"The reality is, we are going to be voting on a concept of connecting the Clifton Corridor to Lindbergh MARTA station without every bit of that path being well defined," acknowledges Ciannat Howett, Emory’s director of sustainability initiatives.
Based upon current discussions, Willis says portions of light rail may be routed directly onto Clifton Road, which now carries in excess of 23,000 vehicles a day, according to a 2010 traffic study. Light rail trains are typically powered by overhead cables; some tunnels and aerial structures would be used to reduce residential impact and to negotiate elevated or complicated terrain, according to Willis.
Once operational, an ARC study projects that the light rail line could support an average of 10,200 daily weekday boardings, says Mike Alexander, ARC research division chief. If approved, construction would begin around 2018, with completion slated for 2021.
ARC studies show that could have a significant impact on both car and rail commute times for Clifton Corridor workers: 700 percent more commuters — about 223,000 — would be able to get to Emory by bus or rail within 45 minutes and 6 percent more —about 22,200 — would be able to reach Emory by automobile in 45 minutes or less.
Bike, pedestrian, roadway improvements
Along with plans to rebuild and expand the aging Clifton Road bridge, which crosses over the CSX Railroad, the measure would fund installation of sidewalks and bike lanes and resurfacing along Haygood Road, between North Decatur and Clifton roads, to help ease congestion and traffic flow, Willis explains.
Additionally, bike, pedestrian and road improvements would be funded between Decatur and the Clifton Corridor — including Commerce Drive and Clairemont Avenue.
Together, the projects would go far toward improving transit options, reducing traffic and congestion, improving air quality, and promoting a culture of sustainability, says Howett.
Atlanta traffic ranks as some of the worst in the nation, accounting for more than half of the region’s ozone-forming emissions, according to Georgia’s Environmental Protection Division.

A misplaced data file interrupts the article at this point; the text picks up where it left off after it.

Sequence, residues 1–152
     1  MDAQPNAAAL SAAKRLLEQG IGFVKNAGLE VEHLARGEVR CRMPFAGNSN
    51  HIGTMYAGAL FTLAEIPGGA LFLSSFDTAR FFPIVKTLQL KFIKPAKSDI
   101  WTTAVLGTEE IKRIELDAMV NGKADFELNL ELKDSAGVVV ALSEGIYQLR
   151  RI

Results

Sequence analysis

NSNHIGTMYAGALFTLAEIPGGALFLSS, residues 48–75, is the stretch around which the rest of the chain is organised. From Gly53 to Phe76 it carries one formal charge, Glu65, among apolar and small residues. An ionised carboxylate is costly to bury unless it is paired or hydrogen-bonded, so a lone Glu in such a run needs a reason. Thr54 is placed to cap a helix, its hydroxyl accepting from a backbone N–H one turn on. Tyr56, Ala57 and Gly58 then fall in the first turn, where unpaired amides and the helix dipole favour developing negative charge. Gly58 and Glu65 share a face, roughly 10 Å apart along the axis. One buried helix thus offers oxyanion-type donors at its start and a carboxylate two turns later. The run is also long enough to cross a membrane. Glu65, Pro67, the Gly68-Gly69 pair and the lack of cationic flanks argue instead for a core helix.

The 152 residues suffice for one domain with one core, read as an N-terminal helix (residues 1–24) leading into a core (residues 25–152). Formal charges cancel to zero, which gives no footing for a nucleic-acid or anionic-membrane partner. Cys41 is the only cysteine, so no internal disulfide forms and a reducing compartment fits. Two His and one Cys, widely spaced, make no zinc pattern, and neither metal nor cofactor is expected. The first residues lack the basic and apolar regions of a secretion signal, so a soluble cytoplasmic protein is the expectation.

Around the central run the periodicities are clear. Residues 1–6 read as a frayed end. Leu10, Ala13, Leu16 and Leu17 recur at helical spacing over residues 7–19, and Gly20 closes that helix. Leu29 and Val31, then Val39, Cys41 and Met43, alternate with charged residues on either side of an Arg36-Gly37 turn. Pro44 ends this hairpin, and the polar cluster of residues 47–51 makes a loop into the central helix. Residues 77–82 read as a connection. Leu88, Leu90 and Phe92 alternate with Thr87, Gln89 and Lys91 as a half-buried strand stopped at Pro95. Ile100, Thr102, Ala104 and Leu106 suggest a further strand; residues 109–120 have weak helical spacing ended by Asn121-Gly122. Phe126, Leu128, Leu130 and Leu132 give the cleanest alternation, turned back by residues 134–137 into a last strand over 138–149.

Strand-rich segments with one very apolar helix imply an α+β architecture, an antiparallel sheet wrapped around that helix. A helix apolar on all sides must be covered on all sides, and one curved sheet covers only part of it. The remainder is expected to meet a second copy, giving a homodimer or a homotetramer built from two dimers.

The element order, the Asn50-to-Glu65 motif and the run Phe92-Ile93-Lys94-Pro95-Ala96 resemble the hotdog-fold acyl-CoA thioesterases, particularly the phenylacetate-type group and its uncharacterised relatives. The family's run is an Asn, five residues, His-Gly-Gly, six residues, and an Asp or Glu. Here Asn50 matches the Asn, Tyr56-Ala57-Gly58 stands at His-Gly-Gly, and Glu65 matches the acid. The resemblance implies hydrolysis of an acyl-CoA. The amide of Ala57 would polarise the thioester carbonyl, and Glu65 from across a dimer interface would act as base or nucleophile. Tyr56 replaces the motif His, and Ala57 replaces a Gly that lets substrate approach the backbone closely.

With voter approval, the new transportation projects could help reduce vehicle emissions by 1.2 million fewer pounds of daily tailpipe pollution by 2025 — the impact of removing 72,000 cars off the road each day, according to ARC studies.
"One of the things people who don’t take public transit or ever feel they would use light rail — those dedicated drivers — should realize is that if the referendum passes, they’re also going to see the benefit of decreased traffic congestion," Howett says.
Light rail service could also help the Clifton Corridor grow as a major research artery — such as Route 128 in Boston — where biotech firms and ancillary businesses have developed naturally along established transit routes.
"If scientists and researchers are able to move easily and connect with colleagues at other universities in the area, it would also increase the potential for more research collaboration," Willis notes.
Given the current economy, Howett feels it is "unlikely that we’re going to see another opportunity like this in our lifetime to address Atlanta’s transportation and air quality issues, which really go hand-in-hand."
"That’s a part of this that Emory can speak to uniquely: We’re a major public health institution and the largest health care provider in the state. The public health benefits of seeing these alternatives are enormously important," she says.